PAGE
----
by Daniel Hathaway
Having made its debut earlier this season with a program of jazz arrangements by Dave Morgan featuring vocalist Helen Welch, Youngstown State University’s modular Dana Ensemble will turn to a different type of arrangements for its second outing at the Ford Family Theater at the DeYor Center on Sunday, May 2 at 3:00 pm.
Organized by faculty cellist Kivie Cahn-Lipman, the program will feature special reductions for chamber ensemble of large orchestral works presented by Arnold Schoenberg’s Society for Private Musical Performance, a series of weekly salon concerts the composer launched 100 years ago in Vienna. His objective was to cultivate an informed audience for new music and provide adequate rehearsal time for presenting new works without breaking the bank — hence the need for reduced orchestrations.
“I’ve known about these arrangements since I was a student at Oberlin,” Cahn-Lipman said in a telephone conversation. “We did the reduction of Mahler’s Das Lied von der Erde one semester. It blew me away that Schoenberg reduced a huge orchestra down to 15 or 16 players, and the arrangements we’re playing on Sunday are for even smaller ensembles.”
Sunday’s program includes Debussy’s Prelude to the Afternoon of a Faun, Johann Strauss Jr.’s Emperor Waltz, and Mahler’s Songs of a Wayfarer with faculty soprano Misook Yun. “I was struck by the variety of pieces Schoenberg had arranged,” Cahn-Lipman said, pointing specially to the Strauss work. “The society wasn’t limiting itself to the most modern music, but committed itself both to depth and breadth of repertoire.”
Cahn-Lipman obtained instrumental parts from IMSLP, the Petrucci digital library, a godsend for performing artists. “We’re actually playing the Emperor Waltz from what may be Schoenberg’s original manuscript.”
The Ford Family Theater has imposed a limit of 125 attendees for the Sunday performance, which provides an interesting parallel to Schoenberg’s organization, whose membership fluctuated between 175 and 250. Other interesting features of the Vienna meetings included the banning of the press, the announcement of programs only on the evening of the performance (to prevent attendees from cherry-picking what pieces they wanted to hear), and an interdiction against applause, because the programs were about the music and not about the performers.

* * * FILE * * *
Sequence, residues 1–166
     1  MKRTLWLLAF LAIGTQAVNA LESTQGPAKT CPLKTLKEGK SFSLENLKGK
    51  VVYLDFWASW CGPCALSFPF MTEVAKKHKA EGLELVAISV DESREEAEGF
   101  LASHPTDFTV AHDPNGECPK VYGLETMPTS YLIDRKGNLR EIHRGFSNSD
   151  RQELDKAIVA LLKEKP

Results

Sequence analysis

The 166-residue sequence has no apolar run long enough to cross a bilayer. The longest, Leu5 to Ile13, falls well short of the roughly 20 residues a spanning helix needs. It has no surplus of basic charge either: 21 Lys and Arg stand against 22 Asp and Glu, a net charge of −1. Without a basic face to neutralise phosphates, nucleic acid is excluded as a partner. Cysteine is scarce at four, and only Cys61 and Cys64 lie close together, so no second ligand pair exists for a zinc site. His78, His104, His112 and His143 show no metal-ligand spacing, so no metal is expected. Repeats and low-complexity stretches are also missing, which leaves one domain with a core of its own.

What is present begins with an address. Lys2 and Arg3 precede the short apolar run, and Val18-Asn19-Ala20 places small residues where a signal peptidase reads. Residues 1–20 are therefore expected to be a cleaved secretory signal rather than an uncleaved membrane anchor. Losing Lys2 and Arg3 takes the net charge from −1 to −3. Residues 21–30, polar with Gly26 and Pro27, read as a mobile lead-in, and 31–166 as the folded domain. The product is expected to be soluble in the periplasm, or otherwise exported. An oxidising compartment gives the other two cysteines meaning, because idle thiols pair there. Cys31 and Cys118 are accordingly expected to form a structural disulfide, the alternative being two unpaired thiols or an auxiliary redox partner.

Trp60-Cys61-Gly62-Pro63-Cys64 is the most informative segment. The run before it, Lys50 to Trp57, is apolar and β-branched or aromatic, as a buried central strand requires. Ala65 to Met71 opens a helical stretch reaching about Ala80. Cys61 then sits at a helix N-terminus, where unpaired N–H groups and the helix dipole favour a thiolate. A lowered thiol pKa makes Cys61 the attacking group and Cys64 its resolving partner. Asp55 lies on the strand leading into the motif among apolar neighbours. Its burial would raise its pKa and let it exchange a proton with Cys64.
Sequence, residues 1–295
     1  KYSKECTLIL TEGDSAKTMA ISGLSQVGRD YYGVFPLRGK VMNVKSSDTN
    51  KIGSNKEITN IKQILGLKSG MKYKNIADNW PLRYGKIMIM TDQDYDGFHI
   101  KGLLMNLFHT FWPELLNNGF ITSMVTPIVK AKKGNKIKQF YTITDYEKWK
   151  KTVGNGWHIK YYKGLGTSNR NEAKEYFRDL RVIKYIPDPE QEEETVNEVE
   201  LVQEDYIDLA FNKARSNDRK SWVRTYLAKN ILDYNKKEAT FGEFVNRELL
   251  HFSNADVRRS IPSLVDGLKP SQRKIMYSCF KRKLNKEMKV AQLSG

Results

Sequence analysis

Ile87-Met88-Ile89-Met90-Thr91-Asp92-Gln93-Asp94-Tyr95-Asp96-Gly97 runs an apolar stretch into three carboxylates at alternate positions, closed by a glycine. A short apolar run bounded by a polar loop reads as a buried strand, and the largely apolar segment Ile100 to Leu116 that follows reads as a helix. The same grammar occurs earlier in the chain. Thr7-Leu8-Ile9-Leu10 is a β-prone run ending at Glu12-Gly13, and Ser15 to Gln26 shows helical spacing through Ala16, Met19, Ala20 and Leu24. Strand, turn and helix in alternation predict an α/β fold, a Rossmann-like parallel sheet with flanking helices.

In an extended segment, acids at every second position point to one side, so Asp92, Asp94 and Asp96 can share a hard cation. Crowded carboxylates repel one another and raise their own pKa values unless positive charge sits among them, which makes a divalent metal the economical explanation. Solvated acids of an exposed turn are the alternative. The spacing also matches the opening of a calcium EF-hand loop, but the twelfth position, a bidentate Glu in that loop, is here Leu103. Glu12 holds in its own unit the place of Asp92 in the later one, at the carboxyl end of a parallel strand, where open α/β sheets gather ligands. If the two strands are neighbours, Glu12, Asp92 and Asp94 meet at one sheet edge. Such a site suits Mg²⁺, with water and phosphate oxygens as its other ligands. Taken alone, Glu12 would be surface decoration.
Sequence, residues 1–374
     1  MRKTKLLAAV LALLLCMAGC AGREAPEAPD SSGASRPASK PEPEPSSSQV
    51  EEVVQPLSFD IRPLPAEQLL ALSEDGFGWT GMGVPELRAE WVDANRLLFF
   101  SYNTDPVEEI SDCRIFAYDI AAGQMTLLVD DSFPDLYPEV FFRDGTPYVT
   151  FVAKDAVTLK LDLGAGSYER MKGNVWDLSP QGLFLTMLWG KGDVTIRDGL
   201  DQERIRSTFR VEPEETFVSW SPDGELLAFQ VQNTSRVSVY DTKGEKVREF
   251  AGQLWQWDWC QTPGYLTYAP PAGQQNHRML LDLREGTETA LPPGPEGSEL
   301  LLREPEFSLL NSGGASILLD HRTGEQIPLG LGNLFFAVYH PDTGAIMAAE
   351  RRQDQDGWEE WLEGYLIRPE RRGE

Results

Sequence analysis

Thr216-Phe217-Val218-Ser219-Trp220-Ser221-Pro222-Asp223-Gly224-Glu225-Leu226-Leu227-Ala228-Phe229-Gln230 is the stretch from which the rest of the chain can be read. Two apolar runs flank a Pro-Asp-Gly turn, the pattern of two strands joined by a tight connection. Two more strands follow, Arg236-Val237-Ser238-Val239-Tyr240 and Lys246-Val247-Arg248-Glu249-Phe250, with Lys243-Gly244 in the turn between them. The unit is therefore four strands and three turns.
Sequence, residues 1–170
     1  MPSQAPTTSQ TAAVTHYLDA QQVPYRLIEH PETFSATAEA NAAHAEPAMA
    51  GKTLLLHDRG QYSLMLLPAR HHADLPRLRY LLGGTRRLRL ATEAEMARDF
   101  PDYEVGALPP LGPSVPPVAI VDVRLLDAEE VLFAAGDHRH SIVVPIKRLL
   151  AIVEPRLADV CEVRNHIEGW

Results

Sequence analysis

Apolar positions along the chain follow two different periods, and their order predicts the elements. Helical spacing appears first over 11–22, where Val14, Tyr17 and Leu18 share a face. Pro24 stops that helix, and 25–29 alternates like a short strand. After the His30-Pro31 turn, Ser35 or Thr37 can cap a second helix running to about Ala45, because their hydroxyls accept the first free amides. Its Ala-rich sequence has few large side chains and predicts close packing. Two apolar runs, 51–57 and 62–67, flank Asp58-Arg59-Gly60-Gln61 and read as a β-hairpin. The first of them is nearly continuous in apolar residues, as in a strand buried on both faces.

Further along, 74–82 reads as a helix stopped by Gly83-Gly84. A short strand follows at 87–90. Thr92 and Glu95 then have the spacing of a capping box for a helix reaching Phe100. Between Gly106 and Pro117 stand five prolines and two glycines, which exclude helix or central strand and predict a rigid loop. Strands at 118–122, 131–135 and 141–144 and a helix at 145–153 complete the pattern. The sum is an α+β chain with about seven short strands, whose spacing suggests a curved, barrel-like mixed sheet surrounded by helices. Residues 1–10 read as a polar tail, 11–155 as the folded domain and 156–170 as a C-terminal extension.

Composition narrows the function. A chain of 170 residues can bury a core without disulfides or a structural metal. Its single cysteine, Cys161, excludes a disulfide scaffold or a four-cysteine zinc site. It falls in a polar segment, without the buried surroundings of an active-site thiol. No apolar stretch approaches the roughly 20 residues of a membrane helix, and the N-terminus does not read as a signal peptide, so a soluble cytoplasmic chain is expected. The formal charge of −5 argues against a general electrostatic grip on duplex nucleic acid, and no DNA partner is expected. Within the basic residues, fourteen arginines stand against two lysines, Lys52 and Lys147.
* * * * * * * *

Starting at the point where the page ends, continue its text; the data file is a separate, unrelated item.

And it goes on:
In addition to those Schoenberg arrangements, the program will include a premiere by South African-born composer Jamie Wilding, who serves on the faculty of the University of Akron. Wilding said in a telephone conversation that the idea for his new work, The Garden Had Fallen Still, came to him in a dream.
“A few months ago, I dreamt that I was writing a composition for various instruments that were spread out in small groups — COVID era style — in a beautiful garden. I woke up thinking the usual confident composer thing: ‘That was an amazing piece. I’ll just go and write it down.’”
Things don’t work out like that. “All I could remember is that the garden was there, which made me think of Yeats’ The Cap and Bells, kind of a symbolist dream poem I started setting when I was a student. It begins, The jester walked in the garden: / The garden had fallen still.”
Wilding went on to say that his wife, Dana piano professor Caroline Oltmanns, had a conversation with Cahn-Lipman a few days later in which they talked about putting together the chamber ensemble for the May 2 concert and looking for an extra piece to program. Oltmanns asked her husband, “Why don’t you write something?” Wilding replied, “I just dreamt about it two nights ago, so I guess that’s what it’s going to be.”
Wilding was struck by how well his dream poem fit the circumstances. “A variety of musicians spread out all over the stage in a medium-sized hall sounds like the image of that garden.”
The composer will conduct his new work, something that wasn’t originally in the plans. “I realized at the first rehearsal — while sitting quietly in the house as composers are supposed to do — that I had put way too many tempo changes in the score. Eventually they asked me to conduct.” Ironically, the Viennese works were originally scheduled to be conducted, but due to a faculty retirement, the ensemble decided to play them as chamber music.
One detail of instrumentation has been difficult to resolve. The Viennese pieces call for strings, flute, oboe, clarinet, horn, trombone, tuba, percussion, guitar, piano, and harmonium — the European variety rather than the reed organs Americans are used to.
Cahn-Lipman is using a synthesizer with a European harmonium patch. Alas, that robs Wilding of one special effect he had planned. “I had planned for the sound of pumping air before the tone begins.” As a tradeoff, Wilding, who has built a small collection of African instruments, has written a part for the mbira, which Oltmanns will play in alternation with the piano. “I had to figure out how to amplify it, so I came up with a cute little mic that clips on that’s connected to a big speaker.”
Both Cahn-Lipman and Wilding are thrilled that Sunday’s performance will include an audience. “It makes me feel like we’re coming to the end of this pandemic,” Cahn-Lipman said.
Published on ClevelandClassical.com April 28, 2021.
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